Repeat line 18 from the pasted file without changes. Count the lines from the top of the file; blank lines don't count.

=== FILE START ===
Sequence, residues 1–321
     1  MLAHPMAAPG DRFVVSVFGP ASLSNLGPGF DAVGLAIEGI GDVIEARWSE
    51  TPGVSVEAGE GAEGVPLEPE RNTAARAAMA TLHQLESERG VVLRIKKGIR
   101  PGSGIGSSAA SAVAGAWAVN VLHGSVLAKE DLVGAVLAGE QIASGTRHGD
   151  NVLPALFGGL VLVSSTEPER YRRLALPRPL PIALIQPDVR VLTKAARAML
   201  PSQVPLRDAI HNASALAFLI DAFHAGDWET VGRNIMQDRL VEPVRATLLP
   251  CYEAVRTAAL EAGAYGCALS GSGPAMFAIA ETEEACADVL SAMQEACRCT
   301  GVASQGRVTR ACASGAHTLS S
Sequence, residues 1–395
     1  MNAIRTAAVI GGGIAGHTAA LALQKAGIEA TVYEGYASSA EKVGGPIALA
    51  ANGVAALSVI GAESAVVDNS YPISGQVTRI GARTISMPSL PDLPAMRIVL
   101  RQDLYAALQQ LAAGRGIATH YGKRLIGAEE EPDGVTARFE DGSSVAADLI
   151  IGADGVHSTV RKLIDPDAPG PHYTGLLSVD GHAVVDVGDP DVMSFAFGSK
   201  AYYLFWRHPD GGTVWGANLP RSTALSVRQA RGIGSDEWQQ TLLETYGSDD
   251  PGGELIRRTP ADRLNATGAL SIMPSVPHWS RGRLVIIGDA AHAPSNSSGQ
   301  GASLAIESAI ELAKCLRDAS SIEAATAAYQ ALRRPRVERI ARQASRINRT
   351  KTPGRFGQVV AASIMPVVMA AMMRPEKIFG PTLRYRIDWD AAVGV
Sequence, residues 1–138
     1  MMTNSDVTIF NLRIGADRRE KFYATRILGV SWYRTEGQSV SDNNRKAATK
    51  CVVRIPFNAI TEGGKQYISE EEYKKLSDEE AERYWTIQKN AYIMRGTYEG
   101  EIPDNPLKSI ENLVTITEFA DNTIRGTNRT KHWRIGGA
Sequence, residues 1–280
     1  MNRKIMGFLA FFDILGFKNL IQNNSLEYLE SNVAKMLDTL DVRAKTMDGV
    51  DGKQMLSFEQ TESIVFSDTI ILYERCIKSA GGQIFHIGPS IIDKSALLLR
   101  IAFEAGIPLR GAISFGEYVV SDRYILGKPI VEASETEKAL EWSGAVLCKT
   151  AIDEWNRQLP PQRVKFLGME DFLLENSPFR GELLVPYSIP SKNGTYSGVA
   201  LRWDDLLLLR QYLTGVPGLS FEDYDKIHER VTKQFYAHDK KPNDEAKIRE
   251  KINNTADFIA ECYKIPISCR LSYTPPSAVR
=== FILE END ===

Sequence, residues 1–138